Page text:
by David Elfin

A year after winning their first NFC East title in 13 years, the 3-7 Redskins are enduring their most disappointing season since 2006 when they followed a surprise playoff appearance with a 5-11 stinker.

Coach Mike Shanahan, who won 62 percent of his games and two Super Bowls during his 14 years in Denver, is under fire in Washington where he’s just 24-35 and hasn’t won a postseason contest.

Linebacker London Fletcher, the 38-year-old captain and one of just four Redskins to be chosen for four straight Pro Bowls over the past 26 years, and 34-year-old Santana Moss, the franchise’s most productive receiver during that same span, are probably finished.

Two-time Pro Bowl linebacker Brian Orakpo and former starting tight end Fred Davis are two other long-tenured Redskins who are likely heading into their final six games with Washington.

Quarterback Robert Griffin III, the toast of the town as a rookie in 2012, is being roundly criticized, even by the usually genteel Sonny Jurgensen, his Hall of Fame predecessor several generations removed.

Coordinator Jim Haslett’s defense is surrendering points at a ghastly pace while new special teams coach Keith Burns’ units are a joke.

And yet, in the midst of all of this gloom, receiver Pierre Garcon is steadfastly playing the best football of his six-year career. Heading into this weekend’s games, Garcon led the NFC with 67 catches (just three shy of his career-high for a full season). He was second with 450 yards after the catch and 20 third-down receptions, and fourth with 871 receiving yards (only 77 shy of his career-high). Only Tampa Bay’s Vincent Jackson had been targeted more often than Garcon’s 111.

Washington lured Garcon away from Indianapolis in March 2012 with a five-year, $42.5 million contract that included $20.5 million in guaranteed money, a little over half of that via a signing bonus. All of that once would have been unfathomable for a receiver who played at Division III Norwich (Vt.) and then Mount Union (Ohio) because he didn’t receive an offer from a school that gave football scholarships.

After helping lead Mount Union to two national championships, Garcon was selected in the sixth round of the 2008 draft by the powerful Colts. He debuted against Washington in the Hall of Fame Game in Canton, Ohio the night after Redskins star Art Monk was inducted into the shrine.

Five-plus years later, Garcon is on pace for 107 catches entering tonight’s game against visiting San Francisco. That would break Monk’s 29-year-old franchise record of 106.

“I don’t know about all that,” Garcon said last week as the Redskins prepared to face the defending NFC champion 49ers. “We’re not winning so my numbers don’t mean that much.”

Garcon had very different numbers in 2012. He caught Griffin’s pass over the middle and raced 88 yards for a touchdown at New Orleans on Washington’s second series of the season but injured a toe on the play. Garcon missed the next two games, did little in the two after that, and then sat out four more before returning in Week 11. Not coincidentally, the Redskins didn’t lose after he came back, raising their record to 9-1 when he played, 1-5 when he didn’t.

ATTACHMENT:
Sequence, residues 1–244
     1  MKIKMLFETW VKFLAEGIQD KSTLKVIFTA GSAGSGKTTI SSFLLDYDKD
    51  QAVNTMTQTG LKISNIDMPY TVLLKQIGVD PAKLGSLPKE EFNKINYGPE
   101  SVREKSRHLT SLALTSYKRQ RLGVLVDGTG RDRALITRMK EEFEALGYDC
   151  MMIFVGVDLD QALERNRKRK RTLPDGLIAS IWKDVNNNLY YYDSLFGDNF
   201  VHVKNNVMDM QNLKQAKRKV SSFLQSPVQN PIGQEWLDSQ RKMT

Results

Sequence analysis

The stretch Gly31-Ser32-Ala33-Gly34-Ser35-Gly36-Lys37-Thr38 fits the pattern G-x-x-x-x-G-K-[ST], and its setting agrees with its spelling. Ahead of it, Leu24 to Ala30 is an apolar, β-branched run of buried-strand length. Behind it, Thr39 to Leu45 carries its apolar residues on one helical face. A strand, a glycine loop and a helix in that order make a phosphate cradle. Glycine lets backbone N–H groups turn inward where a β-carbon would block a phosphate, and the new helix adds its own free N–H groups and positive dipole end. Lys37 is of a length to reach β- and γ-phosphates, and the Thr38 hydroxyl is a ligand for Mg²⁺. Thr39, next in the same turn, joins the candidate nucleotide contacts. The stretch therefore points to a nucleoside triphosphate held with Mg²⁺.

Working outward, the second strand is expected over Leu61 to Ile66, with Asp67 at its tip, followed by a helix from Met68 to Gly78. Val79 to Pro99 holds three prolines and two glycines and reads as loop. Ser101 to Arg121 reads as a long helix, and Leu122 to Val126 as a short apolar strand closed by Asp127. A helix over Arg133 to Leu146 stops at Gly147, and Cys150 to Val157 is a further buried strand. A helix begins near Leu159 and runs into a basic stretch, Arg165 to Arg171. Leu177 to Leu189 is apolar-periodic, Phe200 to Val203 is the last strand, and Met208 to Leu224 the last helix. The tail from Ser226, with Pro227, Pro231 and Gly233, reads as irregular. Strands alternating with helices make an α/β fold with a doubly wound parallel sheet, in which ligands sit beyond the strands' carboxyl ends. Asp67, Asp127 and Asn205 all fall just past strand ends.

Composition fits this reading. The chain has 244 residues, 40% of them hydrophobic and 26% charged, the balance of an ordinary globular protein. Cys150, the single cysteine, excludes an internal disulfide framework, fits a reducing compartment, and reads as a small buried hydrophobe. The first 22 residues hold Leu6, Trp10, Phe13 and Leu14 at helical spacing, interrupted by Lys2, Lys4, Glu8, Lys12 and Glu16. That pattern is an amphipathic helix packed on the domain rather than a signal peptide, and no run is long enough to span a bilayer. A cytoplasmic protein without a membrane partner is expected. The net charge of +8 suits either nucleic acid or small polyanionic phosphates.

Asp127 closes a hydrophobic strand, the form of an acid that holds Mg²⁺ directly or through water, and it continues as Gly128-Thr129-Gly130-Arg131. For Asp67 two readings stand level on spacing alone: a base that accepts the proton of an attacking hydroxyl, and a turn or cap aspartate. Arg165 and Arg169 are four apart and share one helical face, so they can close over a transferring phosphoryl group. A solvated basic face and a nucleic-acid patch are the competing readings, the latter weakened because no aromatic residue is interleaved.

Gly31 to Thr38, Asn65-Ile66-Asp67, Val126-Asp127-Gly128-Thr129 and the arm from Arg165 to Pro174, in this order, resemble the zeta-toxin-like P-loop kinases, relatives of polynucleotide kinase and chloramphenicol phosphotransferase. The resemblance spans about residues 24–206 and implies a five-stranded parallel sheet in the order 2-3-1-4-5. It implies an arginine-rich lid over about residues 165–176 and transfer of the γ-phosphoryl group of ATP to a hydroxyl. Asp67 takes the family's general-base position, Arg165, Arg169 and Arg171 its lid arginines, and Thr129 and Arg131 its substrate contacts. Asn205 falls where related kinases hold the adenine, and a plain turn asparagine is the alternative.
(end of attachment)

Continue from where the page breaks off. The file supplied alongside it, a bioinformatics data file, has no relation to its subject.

Garcon’s presence hasn’t had the same effect on the scoreboard this season, but the Redskins certainly appreciate what the feisty 6-foot, 210-pound West Palm Beach, Fla. native is doing for them.

“He’s been playing that way since he’s been here,” Shanahan said after Garcon lit up San Diego for a career-high 172 yards on seven catches in Week 9 and followed with 107 yards on seven grabs four days later at Minnesota. “I think everybody else is starting to see from the outside how good of a player he is. He’s a very physical wide receiver. He’s not afraid to run over safeties, linebackers. He’s exceptionally strong. When I bragged on him that one game about blocking – and the reason why I did it so much is a lot of people don’t see how physical he is.”

Griffin, Moss, Fletcher, Orakpo, offensive tackle Trent Williams, linebacker Ryan Kerrigan, cornerback DeAngelo Hall and safety Brandon Meriweather all have Pro Bowl experience, but other than second-year running back Alfred Morris, Garcon is Washington’s only player who could earn his first trip to Hawaii this season.

“We try to get him the ball as much as we can,” said Griffin, who has thrown 108 of his 372 passes Garcon’s way. “He’s a running back playing receiver. Everybody saw him truck that safety against Minnesota. He’s a [hot]-tempered guy out there on the field and he plays that way at receiver which you don’t see very often. If you get the ball in his hands, he can do some damage with it. On third-and-long, you throw him an underneath route and he gets the first down.”

The 49ers have the stiffest pass defense that the Redskins will have faced and it will be frigid weather for a Florida native who played his home games during his first four NFL seasons in a dome, but if there’s any player that Washington can count on tonight, it’s Garcon. In nine of 10 games this year, he’s caught at least six passes for at least 50 yards.

So while there are plenty of people to blame for Washington’s ugly season, the man wearing No. 88 is certainly not among them.


David Elfin began writing about sports when he was a junior at Bethesda-Chevy Chase High School. He is Washington’s representative on the Pro Football Hall of Fame selection committee and the author of seven books, most recently, “Washington Redskins: The Complete Illustrated History.” A pre-game regular on 106.7-The Fan the last three Redskins seasons, he has been its columnist since March 2011.


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